From 9 – 13 November 2015, Ian traveled to San Francisco and Los Angeles, to sample sea stars in the echinoderm collections at the California Academy of Sciences and the Museum of Natural History, respectively. Museums represent hugely important tools for understanding past ecological phenomena, morphology and evolution, and even chemical composition (amongst many other uses). In our case, the collections can be used to look at the presence and genomic composition of the Sea Star associated DensoVirus (SSaDV) over time. While there have been numerous studies examining pathogens in preserved vertebrate species, there have been very few (if any) looking at viral infection in invertebrates. Our previous work in 2014 highlighted the presence of SSaDV in samples from 1942, meaning it’s been around for far longer than the current disease epidemic. As part of our new sea star project, we will examine the genomic diversity of SSaDV through space and time, in order to understand whether it has changed recently or perhaps provide other clues as to why it is currently associated with the disease.
The actual sampling involves locating specimens (which is done with the large assistance of museum staff and curators – Rich Mooi, Chrissy Piotrowsi and Bekky Markado at the CAS, and Gordon Hendler and Cathy Groves at the MNH – and identifying their contents. The documentation of these samples is a meticulous process which involves complete phylogenetic ID (much of which is done by people like Chris Mah at the Smithsonian), cataloging them, and of course their preservation. It is standard practice in the TAV to photograph each sample used for our research, which in this case is useful to document potentially ambiguous species. We then remove the specimen using tongs and clip 5 – 10 tube feet randomly, which are then placed into sterile tubes for transport.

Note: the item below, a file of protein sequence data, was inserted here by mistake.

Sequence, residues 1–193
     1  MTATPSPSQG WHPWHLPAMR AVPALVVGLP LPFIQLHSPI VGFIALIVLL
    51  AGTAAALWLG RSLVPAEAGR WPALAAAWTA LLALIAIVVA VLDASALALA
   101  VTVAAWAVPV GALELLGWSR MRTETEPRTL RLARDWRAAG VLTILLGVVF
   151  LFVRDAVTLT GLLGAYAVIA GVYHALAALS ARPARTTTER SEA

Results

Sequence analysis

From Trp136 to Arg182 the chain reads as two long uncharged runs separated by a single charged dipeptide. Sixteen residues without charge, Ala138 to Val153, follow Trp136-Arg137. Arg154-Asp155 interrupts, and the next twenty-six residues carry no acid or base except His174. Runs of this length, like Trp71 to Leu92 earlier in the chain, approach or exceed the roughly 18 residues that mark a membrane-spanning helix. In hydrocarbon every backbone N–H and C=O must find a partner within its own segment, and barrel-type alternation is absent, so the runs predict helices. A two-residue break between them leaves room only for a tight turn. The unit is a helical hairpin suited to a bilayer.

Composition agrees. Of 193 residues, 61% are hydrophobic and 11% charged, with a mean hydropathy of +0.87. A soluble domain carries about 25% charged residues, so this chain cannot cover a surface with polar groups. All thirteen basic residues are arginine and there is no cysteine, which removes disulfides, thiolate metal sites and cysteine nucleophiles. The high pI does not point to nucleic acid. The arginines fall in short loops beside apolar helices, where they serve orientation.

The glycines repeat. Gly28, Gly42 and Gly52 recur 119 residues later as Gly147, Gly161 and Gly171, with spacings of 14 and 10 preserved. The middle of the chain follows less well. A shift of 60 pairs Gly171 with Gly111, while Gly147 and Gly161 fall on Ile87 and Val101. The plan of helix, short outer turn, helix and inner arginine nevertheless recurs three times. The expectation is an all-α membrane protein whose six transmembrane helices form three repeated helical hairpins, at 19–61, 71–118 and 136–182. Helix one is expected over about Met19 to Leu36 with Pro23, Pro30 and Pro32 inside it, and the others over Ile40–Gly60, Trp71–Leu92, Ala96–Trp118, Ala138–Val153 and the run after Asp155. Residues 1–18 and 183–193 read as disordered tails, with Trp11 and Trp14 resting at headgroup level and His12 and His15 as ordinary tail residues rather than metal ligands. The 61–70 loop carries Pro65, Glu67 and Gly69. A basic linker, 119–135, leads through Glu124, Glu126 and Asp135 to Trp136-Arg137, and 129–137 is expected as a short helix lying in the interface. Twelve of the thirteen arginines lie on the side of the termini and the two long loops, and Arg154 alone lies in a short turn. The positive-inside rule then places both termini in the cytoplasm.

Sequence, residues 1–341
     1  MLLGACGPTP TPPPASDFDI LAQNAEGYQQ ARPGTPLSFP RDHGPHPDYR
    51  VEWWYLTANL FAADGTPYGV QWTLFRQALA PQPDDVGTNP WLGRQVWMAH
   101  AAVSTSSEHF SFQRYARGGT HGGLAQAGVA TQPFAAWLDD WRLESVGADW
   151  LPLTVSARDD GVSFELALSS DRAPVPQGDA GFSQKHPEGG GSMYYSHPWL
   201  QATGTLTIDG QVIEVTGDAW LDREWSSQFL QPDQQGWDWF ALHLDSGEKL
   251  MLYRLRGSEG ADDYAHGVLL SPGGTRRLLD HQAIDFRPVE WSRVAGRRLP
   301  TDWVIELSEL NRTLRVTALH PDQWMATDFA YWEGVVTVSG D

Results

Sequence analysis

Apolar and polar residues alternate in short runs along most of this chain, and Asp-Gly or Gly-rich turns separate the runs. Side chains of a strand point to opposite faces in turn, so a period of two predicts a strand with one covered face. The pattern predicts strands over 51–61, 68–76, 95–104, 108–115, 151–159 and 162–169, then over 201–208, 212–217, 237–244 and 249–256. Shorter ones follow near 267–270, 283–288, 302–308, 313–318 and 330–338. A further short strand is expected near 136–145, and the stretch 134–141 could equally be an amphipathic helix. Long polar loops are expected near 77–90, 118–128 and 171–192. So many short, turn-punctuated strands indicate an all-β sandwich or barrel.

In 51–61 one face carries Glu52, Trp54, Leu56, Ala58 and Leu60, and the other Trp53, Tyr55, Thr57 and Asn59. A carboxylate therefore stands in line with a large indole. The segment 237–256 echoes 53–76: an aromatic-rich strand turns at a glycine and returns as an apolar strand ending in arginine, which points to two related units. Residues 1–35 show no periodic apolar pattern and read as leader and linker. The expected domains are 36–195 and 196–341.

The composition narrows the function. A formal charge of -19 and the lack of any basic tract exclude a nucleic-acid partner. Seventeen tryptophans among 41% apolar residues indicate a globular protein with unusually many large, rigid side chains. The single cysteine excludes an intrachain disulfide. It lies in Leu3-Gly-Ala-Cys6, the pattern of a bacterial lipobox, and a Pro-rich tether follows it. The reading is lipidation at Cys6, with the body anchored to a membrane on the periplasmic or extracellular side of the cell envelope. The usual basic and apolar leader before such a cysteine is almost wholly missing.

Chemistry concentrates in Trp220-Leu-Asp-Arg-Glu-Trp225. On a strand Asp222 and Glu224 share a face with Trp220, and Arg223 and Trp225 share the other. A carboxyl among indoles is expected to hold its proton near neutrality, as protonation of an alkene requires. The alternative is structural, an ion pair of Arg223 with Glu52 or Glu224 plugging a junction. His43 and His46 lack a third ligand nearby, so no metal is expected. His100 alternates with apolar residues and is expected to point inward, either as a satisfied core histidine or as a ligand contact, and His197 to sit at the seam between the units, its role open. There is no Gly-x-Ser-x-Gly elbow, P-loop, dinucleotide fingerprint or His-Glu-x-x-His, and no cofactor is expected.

Ian sampled a total of 75 specimens during the expedition, which means we now have 141 historical samples with which to work (including those sampled in 2014). The next step will be to extract DNA from these and subject them to qPCR, which will highlight animals where SSaDV is present. We will then fully sequence SSaDV genomes from these samples and compare them by alignment.